And develop you must! Because what's on the line here is creation of the most feared weapon ever produced by mankind - the atomic bomb. You could build quick and reliable uranium bombs, but technically trickier, unproven plutonium bombs have higher yields... of points! Because this is a race game. The first player to achieve a certain number of points will win and each bomb you make will be worth a chunk of points. You'll need to build 2 or 3 usually, maybe weaponizing them aboard bombers to get that little edge to be the first.

And if other's are threatening to pull ahead? Nothing like a good old fashioned military strike to set their progress back while they waste time rebuilding research facilities or economic infrastructure. Or, if you can't build a coalition of the willing to stop the leader, you can infiltrate his nation with spies, using the benefits of his buildings to augment your own research and testing efforts. These diverse strategic elements really make this game worthy of being considered in the pantheon of high ranking games on this site.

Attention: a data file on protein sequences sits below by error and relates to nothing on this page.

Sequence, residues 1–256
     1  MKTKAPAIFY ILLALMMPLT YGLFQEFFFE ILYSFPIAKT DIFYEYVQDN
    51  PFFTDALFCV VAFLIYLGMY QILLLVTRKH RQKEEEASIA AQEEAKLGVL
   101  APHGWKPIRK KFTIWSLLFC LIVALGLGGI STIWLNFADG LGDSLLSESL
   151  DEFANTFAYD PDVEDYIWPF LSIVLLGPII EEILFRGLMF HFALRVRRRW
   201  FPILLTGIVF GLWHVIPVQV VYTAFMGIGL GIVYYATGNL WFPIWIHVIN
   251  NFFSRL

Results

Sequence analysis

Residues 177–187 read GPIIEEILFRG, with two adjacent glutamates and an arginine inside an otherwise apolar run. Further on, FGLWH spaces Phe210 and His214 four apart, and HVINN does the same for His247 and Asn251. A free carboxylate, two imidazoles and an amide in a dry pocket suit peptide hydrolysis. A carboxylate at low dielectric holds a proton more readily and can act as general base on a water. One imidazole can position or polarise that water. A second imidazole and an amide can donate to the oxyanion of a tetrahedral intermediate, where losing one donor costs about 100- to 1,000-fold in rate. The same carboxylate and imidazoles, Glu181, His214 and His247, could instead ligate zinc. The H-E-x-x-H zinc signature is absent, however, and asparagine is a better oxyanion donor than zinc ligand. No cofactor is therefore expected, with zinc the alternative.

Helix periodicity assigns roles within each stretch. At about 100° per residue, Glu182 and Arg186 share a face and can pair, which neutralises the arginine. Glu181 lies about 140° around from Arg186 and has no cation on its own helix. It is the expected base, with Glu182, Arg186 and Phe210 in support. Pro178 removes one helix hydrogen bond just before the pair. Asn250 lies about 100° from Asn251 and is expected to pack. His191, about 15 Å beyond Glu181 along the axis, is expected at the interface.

The Manhattan Project has the strategic chops to play with the best games, but it's also got a fantastic and original board game theme, a historic lesson in the abstract that's challenging and cool. This is a strategy game in the truest sense, but it's not kings and castles or shipping goods. This is the nuclear arms race. And you don't want to be the one who comes in last!

If you have questions about The Manhattan Project, I'll do my best to answer them.
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Gary Heidenreich
United States
Milwaukee
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Have been looking foward to this one for quite some time.
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Graham Dean
United Kingdom
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Could you talk a little about the playing time. the frontpage says two hours - would you say that was a top limit, lower limit, or about average?
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Brandon Tibbetts
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Oak Lawn
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I think Eric (the OP) is going to respond as well, but for now I will chime in briefly.

Not including instruction, table talk, interruptions, or unreasonable AP, I would estimate the following playing times by number of players:

2 players: 1 - 1.5 hours
3 players: 1.5 - 2 hours
4-5 players 2 - 2.5 hours

Those are the time frames I think you could expect once all players have played the game a couple of times.
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Joe Mucchiello
United States
Edison